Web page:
The Robin Murray Lecture Theatre is another large space, where MSc students are likely to have full-cohort lectures (in MSc, approx. 30-40 students) and is named after the IoPPN Professor of Psychiatric Research. He is very well known in the field and regularly appears on the BBC. He was also Knighted in 2011.
Teaching methods vary for undergraduate or postgraduate students:
At university, undergraduate students will be taught using a variety of different methods.
In addition, you’ll find that independent work is a really important part of studying at university level – so for instance, you might be asked to read some journal articles, or some chapters from a book, before a tutorial.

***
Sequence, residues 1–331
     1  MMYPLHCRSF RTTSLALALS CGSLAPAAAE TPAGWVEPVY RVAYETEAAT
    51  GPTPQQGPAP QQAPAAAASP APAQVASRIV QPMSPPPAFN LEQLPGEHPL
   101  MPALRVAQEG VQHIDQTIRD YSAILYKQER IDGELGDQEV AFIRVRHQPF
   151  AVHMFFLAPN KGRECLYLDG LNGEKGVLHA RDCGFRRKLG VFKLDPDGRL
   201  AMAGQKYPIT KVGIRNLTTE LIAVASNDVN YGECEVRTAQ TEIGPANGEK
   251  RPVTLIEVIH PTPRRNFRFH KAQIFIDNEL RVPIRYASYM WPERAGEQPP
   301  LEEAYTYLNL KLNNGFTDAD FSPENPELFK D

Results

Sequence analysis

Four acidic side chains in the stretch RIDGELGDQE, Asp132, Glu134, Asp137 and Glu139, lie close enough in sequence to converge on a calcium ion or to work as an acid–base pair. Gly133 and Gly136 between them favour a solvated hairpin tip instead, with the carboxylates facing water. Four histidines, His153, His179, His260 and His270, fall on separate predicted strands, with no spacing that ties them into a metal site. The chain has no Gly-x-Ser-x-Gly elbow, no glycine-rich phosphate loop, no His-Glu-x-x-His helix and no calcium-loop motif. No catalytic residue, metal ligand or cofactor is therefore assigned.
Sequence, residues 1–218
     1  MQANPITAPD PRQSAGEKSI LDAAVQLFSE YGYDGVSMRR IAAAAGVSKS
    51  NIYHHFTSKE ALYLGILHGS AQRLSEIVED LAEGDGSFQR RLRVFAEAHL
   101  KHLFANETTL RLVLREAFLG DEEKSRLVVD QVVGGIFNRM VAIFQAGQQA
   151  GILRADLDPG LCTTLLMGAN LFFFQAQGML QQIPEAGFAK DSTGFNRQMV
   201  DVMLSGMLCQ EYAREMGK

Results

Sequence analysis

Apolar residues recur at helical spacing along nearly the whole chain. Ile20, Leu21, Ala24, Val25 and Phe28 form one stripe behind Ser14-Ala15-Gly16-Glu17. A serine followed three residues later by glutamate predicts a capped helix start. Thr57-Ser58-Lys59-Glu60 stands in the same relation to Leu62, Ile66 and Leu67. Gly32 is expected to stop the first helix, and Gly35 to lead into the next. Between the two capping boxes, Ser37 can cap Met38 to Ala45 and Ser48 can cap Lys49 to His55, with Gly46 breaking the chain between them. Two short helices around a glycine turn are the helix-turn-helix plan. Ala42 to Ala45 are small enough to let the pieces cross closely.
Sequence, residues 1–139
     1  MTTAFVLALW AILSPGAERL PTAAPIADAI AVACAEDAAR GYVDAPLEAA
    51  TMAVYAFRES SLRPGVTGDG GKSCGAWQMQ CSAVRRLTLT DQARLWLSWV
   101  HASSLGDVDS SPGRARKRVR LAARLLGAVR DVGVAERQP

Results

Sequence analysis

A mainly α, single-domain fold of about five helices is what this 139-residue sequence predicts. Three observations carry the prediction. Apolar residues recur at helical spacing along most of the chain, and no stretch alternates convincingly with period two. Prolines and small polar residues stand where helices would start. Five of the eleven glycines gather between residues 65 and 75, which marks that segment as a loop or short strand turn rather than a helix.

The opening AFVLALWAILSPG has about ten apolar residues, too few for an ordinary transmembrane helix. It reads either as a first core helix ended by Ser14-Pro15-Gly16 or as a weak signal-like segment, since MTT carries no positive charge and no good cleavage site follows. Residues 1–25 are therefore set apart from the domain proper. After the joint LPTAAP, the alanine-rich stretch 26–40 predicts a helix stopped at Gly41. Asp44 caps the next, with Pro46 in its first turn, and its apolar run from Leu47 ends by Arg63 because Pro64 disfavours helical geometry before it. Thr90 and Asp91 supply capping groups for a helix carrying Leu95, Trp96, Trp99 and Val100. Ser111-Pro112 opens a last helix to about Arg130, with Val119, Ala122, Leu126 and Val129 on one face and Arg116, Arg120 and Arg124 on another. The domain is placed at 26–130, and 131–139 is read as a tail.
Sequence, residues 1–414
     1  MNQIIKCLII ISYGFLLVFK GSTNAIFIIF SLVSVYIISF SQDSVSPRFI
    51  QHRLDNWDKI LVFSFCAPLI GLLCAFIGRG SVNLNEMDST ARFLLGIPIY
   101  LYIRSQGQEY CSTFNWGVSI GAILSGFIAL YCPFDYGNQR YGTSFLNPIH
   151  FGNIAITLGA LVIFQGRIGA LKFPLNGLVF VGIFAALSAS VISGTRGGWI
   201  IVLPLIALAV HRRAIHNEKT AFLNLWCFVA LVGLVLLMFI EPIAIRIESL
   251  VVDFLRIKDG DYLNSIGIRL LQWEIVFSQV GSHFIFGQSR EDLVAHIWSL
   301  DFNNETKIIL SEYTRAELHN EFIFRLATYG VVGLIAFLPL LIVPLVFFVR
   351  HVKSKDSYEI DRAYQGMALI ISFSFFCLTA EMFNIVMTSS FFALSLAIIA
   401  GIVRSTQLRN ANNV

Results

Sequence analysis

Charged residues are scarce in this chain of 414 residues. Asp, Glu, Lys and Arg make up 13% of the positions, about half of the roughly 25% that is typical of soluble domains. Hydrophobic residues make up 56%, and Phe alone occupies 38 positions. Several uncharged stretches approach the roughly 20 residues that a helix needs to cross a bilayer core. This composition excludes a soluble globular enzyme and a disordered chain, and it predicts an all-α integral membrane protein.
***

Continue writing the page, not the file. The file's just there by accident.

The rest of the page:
You’ll also find that you will be assessed in lots of different ways, such as:
For postgraduate taught students, you’re likely to have a mixture of lectures and seminars, although the balance and class sizes will vary considerably from programme to programme. Modules may be a mixture of required and optional, and there is likely to be a dissertation written over the summer semester. Subject to approval, you might also be able to take options from other courses or even other University of London institutions. Assessment is mainly via coursework and/or examination, but there can also be the opportunity for internship modules too.
Research students are also often able to join module teaching from taught programmes in order to develop certain skills and knowledges they may need to support their research. PhD students will complete a progress report that assesses your research performance every six month, and following submission of your thesis, there’s then the viva examination – a verbal defence of your dissertation in front of a panel of experts in that field of study. MPhil and PhD students also attend several key lectures, seminars and conferences with scholars invited from other universities.